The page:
Anontune: How Anonymous Hopes To Change Music On The Internet

Music has changed. That’s the message from Anonymous in their latest video announcing the creation of Anontune, a social music platform that puts discovery and innovation at the forefront. It...
Anontune: How Anonymous Hopes To Change Music On The Internet
Written by
  • Music has changed.

    That’s the message from Anonymous in their latest video announcing the creation of Anontune, a social music platform that puts discovery and innovation at the forefront. It’s being built in such a way to avoid any potential disputes with rights holders.

    Here’s how Anonymous describes the ambitious new service:

    Rather than focus on the music itself Anontune will instead focus upon information about the music. Information like where music is being distributed, how it is being used, and how it is discovered. This information will place Anontune in a prime position for new research and innovations into online music. The information can also be used to play and centralize pervasive music across the internet on one platform. Overtly, it will be seen as no different to any other infringing platform, covertly it will be fundamentally different and more similar to search engines or torrent trackers. Most importantly, this time the law will be on our side.

    That last part about the law being on their side is the most interesting. Anonymous claims to have “learned from the mistakes of its predecessors.” They’ve learned that “supreme excellence consists in breaking the enemy’s resistance without fighting.” It’s the kind of attitude that Anonymous has taken up recently with many of their protests. Say what you will, but DDoS attacks are the digital equivalent of a sit in protest.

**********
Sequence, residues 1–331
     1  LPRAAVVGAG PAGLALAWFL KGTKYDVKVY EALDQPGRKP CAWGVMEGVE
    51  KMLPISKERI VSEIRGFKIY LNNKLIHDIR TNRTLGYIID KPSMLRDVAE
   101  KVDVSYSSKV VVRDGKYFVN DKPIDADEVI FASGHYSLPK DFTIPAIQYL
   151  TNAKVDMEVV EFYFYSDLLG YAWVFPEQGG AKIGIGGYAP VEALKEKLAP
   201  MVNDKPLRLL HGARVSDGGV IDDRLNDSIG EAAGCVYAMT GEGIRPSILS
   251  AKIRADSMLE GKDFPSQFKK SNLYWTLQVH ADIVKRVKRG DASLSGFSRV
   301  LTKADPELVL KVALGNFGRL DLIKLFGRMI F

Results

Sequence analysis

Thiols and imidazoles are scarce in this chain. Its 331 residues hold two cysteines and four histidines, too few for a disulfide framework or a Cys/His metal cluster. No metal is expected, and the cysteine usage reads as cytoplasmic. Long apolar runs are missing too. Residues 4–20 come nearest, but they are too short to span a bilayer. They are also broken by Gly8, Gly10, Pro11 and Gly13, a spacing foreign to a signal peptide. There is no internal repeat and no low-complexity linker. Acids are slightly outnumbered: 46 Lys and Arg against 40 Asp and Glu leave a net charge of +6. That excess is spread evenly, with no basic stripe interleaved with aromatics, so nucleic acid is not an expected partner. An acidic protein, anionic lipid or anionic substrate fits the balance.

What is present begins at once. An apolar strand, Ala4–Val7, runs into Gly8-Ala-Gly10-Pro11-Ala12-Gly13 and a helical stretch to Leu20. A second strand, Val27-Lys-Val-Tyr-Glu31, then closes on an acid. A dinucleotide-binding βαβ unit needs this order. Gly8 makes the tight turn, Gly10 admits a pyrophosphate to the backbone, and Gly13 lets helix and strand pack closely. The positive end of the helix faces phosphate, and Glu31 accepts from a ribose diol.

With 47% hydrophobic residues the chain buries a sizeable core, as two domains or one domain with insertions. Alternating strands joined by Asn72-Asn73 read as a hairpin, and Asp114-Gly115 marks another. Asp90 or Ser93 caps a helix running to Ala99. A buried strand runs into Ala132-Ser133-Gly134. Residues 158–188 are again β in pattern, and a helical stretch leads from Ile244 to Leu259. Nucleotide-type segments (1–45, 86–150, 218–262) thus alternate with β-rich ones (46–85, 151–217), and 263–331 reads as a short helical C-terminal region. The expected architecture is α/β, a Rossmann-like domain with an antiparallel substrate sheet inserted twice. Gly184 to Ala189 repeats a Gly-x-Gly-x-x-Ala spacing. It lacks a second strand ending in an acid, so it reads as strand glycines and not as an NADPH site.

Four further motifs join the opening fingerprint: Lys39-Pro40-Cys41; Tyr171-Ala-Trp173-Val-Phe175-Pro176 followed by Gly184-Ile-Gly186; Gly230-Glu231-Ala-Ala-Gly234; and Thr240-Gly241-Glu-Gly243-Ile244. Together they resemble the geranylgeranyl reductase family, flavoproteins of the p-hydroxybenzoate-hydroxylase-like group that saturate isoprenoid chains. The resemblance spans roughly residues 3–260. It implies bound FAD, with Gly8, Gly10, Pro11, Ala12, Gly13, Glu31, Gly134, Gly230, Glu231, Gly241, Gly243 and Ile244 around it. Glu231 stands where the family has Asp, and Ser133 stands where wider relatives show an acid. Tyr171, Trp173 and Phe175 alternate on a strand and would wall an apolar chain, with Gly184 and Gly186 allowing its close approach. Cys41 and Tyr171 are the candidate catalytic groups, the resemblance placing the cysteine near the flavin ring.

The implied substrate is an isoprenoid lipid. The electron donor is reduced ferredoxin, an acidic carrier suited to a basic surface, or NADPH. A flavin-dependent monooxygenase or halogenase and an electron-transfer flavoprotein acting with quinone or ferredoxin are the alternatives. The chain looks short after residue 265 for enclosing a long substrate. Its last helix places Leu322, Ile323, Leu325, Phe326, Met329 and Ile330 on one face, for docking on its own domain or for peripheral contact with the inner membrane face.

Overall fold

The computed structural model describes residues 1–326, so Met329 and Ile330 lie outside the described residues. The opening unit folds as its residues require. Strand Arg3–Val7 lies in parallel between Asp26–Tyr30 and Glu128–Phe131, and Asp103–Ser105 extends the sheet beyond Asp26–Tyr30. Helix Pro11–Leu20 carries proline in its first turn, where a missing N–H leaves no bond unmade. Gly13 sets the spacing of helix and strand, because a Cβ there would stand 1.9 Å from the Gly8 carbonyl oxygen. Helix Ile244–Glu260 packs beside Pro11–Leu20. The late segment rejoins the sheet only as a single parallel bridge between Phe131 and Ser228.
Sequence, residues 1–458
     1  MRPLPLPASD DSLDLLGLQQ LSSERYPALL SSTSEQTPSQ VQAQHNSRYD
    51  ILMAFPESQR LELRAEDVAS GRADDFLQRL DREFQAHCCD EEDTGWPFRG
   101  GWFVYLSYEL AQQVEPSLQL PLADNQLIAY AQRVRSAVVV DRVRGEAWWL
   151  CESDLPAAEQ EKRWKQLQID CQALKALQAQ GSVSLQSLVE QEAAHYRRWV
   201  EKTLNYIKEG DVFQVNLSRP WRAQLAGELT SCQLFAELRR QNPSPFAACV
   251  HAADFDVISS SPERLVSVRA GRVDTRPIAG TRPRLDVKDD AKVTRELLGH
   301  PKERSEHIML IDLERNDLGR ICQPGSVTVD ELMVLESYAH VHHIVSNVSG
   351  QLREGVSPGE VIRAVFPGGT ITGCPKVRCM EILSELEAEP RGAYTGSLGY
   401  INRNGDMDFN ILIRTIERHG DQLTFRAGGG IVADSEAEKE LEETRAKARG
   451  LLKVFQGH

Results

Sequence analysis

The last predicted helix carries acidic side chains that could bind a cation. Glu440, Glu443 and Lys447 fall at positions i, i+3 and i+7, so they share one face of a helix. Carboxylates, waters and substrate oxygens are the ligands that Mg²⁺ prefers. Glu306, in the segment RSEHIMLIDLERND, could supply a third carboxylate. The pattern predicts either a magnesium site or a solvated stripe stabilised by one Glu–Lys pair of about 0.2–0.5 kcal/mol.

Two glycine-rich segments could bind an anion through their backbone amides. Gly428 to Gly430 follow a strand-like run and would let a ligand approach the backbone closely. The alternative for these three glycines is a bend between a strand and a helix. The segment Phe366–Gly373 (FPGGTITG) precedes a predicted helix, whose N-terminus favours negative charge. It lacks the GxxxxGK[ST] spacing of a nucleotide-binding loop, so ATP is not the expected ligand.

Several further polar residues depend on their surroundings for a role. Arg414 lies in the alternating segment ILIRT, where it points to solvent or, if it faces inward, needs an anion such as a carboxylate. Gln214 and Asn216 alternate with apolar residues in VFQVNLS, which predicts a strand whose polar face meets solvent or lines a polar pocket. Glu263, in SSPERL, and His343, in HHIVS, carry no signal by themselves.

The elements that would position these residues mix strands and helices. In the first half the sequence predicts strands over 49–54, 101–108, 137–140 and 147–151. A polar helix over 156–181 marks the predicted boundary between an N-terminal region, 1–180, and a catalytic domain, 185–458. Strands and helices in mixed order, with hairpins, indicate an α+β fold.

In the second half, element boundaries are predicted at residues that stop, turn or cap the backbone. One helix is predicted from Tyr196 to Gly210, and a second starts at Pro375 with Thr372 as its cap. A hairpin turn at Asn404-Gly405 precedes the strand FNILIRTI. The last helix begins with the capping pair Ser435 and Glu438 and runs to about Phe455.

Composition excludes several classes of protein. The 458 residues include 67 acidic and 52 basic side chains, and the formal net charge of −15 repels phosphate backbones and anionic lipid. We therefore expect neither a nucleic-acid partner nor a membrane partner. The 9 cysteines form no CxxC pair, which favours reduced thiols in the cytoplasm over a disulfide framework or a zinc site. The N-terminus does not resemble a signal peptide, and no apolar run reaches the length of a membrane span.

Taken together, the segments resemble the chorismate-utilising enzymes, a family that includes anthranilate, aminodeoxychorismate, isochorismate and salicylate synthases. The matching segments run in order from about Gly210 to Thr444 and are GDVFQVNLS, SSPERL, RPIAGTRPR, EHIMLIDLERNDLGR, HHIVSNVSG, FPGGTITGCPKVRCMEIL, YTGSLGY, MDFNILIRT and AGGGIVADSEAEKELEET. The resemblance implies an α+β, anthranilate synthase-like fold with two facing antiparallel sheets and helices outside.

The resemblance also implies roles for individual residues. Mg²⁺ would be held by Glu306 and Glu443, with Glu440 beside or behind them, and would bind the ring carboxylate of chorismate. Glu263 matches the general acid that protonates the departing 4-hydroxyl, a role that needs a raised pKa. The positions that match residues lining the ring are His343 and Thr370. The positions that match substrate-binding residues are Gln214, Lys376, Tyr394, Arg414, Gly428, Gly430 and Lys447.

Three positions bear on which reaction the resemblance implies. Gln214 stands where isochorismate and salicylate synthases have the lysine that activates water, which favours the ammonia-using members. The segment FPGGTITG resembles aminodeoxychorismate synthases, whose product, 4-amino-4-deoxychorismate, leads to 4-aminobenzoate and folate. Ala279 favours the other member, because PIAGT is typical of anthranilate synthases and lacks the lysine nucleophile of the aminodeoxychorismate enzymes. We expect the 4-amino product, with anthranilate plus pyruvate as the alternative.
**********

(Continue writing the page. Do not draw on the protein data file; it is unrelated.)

Anonymous have also released a white paper that goes into more detail about their supposed immunity from the law. It’s an interesting read which you can do so here, but here are the key points. Anonymous finds that the major problem with services like Limewire and Napster was that the user downloaded the music to their hard drive and unless they had some kind of protection, it was easy to track who was downloading what.

    Anontune hopes to circumvent this by never hosting links to copyrighted works. They propose to do this by integrating “systems that do potentially provide such infringing content but not overtly so.” By this, they mean services like YouTube, Soundcloud and similar services. Anontune will give developers the ability to add these services as they see fit, but it will never allow the actual hosting of information. The white paper says that this fact alone makes Anontune more like the Internet itself.

    The actual technical might behind Anontune is equally ambitious and intriguing. They hope to make it a Facebook of music, but be entirely Web-based. This would allow users to have their own unique URL for their own profile. Users would in turn be able to connect with friends and other people via their own unique URLs.